In chapter 4 a similar experiment was performed with two populations of settled mussels (North Sea and Baltic Sea). Baltic Sea mussels were chosen because previous research had indicated that the mussel population in that region is already stressed, due to the low salinity of this marine system. It was hypothesized that environmentally stressed populations would be more sensitive to anthropogenic pollution as they have to allocate more energy towards basic maintenance. The Baltic Sea population did accumulate more Cu compared to the North Sea population (both in the gills and in the total soft tissue). However, both populations exhibited an equal sensitivity to copper. This suggests that environmentally stressed populations are not necessarily more sensitive to anthropogenic pollution and that different populations may have a different way to cope with excess Cu. The influence of salinity and DOC on the accumulation and toxicity of Cu to settled mussels was very limited in both populations. Hence, it is concluded that DOC-Cu complexes are bioavailable to settled mussels. Due to the absence of a protective effect by DOC in settled mussels, implementing a DOC correction factor to determine a Cu environmental quality standard for Cu – as is done for freshwater environments – cannot be proposed for marine environments.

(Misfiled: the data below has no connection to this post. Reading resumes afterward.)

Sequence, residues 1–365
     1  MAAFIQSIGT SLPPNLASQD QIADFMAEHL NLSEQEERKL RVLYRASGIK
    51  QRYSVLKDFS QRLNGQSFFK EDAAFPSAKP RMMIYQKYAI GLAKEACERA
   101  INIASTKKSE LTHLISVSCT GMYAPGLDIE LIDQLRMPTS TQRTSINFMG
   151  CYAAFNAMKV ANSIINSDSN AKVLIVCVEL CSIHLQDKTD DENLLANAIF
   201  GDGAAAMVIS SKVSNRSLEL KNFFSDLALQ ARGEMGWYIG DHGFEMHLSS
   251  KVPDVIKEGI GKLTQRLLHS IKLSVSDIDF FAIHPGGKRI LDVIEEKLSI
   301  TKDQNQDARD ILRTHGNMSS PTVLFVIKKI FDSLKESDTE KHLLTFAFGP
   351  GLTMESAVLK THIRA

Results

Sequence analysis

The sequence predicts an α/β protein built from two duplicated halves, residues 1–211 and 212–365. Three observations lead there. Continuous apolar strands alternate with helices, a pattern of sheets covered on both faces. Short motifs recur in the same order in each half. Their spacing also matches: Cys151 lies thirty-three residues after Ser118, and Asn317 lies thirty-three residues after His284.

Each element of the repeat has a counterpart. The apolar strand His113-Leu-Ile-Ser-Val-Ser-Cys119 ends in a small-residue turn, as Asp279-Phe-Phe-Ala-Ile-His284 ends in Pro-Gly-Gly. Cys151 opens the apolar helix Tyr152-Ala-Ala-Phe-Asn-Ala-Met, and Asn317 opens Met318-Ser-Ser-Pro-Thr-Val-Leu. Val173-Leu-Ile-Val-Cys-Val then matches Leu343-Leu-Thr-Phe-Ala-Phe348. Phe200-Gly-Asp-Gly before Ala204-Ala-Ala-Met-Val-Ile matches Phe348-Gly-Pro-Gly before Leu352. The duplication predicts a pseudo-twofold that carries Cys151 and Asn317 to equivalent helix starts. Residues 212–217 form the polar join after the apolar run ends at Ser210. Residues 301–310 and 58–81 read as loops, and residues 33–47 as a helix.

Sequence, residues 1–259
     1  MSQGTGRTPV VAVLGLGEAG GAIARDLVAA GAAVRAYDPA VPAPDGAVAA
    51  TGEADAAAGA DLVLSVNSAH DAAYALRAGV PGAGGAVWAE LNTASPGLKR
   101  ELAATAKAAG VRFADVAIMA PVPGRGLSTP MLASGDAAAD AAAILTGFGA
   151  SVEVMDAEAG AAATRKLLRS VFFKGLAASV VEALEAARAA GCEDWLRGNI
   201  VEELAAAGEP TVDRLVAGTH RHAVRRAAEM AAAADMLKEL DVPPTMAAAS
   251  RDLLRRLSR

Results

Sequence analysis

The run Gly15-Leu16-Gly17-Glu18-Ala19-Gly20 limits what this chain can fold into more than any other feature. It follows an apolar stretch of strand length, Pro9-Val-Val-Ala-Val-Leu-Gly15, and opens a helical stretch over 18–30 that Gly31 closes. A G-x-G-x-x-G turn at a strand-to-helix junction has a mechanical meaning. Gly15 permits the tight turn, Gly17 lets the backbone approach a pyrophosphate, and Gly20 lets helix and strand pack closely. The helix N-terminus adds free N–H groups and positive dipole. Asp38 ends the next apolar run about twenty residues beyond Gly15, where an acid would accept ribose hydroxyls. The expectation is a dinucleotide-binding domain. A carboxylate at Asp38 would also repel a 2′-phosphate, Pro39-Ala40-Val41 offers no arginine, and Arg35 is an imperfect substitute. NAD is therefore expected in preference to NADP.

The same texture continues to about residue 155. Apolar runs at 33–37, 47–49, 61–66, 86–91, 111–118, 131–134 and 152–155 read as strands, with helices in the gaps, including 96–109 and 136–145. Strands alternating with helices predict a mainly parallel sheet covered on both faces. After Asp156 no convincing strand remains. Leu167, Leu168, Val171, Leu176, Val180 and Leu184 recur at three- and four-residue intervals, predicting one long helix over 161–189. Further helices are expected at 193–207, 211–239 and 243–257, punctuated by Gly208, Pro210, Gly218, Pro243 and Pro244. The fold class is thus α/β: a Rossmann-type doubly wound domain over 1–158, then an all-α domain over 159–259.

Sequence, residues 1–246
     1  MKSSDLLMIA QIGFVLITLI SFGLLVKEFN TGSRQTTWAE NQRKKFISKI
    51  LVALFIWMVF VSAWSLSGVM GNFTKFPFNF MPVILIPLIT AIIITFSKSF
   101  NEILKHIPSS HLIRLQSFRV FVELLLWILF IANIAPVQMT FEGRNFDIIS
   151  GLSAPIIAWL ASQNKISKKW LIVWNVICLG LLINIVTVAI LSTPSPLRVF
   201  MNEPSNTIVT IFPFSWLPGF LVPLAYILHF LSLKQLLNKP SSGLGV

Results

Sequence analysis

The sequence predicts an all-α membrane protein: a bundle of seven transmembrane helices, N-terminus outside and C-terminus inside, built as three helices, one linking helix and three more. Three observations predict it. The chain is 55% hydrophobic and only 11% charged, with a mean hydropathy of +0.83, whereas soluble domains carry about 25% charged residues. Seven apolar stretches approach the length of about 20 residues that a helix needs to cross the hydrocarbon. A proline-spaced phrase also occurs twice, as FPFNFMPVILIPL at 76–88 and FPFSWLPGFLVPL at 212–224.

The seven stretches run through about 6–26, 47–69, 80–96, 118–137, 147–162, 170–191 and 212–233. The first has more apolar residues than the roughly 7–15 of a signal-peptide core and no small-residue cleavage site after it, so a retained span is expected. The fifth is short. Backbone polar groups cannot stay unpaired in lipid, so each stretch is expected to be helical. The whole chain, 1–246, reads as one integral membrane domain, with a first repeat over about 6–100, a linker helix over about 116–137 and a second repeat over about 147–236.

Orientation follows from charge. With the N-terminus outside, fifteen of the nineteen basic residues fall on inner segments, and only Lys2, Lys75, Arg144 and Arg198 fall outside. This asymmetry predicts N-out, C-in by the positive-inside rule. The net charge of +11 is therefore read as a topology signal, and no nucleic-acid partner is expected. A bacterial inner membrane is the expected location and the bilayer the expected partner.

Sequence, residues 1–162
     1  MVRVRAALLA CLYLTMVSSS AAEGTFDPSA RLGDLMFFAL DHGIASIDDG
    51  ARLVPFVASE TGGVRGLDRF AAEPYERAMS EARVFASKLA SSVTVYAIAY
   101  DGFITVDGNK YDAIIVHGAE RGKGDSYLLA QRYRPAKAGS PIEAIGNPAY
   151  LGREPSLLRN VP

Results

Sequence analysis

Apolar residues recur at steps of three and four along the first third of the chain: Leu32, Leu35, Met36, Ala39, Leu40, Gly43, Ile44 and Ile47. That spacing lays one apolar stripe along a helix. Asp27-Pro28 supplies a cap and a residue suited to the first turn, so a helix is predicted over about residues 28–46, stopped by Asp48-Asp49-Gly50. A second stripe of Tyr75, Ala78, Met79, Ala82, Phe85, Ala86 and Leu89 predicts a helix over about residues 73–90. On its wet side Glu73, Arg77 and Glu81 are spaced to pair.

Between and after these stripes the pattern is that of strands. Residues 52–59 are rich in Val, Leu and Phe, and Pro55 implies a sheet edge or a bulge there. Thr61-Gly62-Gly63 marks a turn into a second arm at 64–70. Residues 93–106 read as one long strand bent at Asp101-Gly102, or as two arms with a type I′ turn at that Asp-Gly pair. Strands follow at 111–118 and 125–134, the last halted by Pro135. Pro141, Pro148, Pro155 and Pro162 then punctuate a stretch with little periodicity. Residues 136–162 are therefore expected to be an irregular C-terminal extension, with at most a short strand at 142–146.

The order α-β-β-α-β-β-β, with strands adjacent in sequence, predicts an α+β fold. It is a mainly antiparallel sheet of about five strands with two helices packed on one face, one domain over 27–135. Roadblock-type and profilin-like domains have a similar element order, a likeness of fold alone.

Organisms are not only exposed to a changing environment, but are also frequently exposed to multiple metals simultaneously. In the North Sea, for example, high Cu concentrations frequently coincide with high concentrations of other metals like Ni and Zn. Nevertheless, little information is available on the effect of metal mixtures, certainly of environmentally realistic concentrations, in the marine environment. In chapter 5 the effect of the Cu-Ni binary mixture on Mytilus edulis larvae was assessed using a full factorial design. The reproducibility of the results was assessed by repeating this experiment 5 times during a 3-year period and having them being performed by different researchers. The data were analyzed using a Markov Chain Monte-Carlo algorithm (MCMC). The use, for the first time for mixture toxicity analysis, of this statistical tool enabled the estimation of both the mixture toxicity deviation from the reference models and the uncertainty on the deviation. The results demonstrated that mussel larvae were about 100 times less sensitive to Ni than to Cu (average Cu EC50: 4.1 μg/L vs Ni EC50: 414.7 μg/L). When mussel larvae were exposed to a mixture of these metals, a reproducible ratio-dependent deviation from the concentration addition reference model was observed. Antagonism was observed at high nickel concentrations (> 200 μg/L) but, more importantly, low concentrations of Ni (as low as 4.9 μg/L) resulted in a synergistic interaction with Cu. To our knowledge this is the first time that synergism (according to the concentration addition reference model) was observed at low, environmentally relevant, metal concentrations. This highlights the need to consider mixture effects in marine environmental risk assessment procedures.